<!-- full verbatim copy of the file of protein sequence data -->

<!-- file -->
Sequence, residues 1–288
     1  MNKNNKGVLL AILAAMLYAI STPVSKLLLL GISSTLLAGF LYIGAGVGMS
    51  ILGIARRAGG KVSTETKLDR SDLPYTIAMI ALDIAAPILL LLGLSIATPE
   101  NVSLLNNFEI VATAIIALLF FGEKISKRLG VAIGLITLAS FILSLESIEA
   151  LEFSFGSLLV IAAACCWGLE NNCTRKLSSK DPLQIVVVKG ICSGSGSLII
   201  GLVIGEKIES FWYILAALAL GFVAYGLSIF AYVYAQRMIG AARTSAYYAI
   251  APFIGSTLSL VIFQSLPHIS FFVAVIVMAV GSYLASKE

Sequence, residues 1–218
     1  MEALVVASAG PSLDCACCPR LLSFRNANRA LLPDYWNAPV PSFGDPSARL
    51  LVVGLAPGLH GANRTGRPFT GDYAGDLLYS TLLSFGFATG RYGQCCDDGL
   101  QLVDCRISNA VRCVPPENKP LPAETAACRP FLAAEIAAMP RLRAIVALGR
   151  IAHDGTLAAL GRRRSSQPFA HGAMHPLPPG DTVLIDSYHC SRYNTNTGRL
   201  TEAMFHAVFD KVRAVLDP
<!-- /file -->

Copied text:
Sequence, residues 1–288
     1  MNKNNKGVLL AILAAMLYAI STPVSKLLLL GISSTLLAGF LYIGAGVGMS
    51  ILGIARRAGG KVSTETKLDR SDLPYTIAMI ALDIAAPILL LLGLSIATPE
   101  NVSLLNNFEI VATAIIALLF FGEKISKRLG VAIGLITLAS FILSLESIEA
   151  LEFSFGSLLV IAAACCWGLE NNCTRKLSSK DPLQIVVVKG ICSGSGSLII
   201  GLVIGEKIES FWYILAALAL GFVAYGLSIF AYVYAQRMIG AARTSAYYAI
   251  APFIGSTLSL VIFQSLPHIS FFVAVIVMAV GSYLASKE

Sequence, residues 1–218
     1  MEALVVASAG PSLDCACCPR LLSFRNANRA LLPDYWNAPV PSFGDPSARL
    51  LVVGLAPGLH GANRTGRPFT GDYAGDLLYS TLLSFGFATG RYGQCCDDGL
   101  QLVDCRISNA VRCVPPENKP LPAETAACRP FLAAEIAAMP RLRAIVALGR
   151  IAHDGTLAAL GRRRSSQPFA HGAMHPLPPG DTVLIDSYHC SRYNTNTGRL
   201  TEAMFHAVFD KVRAVLDP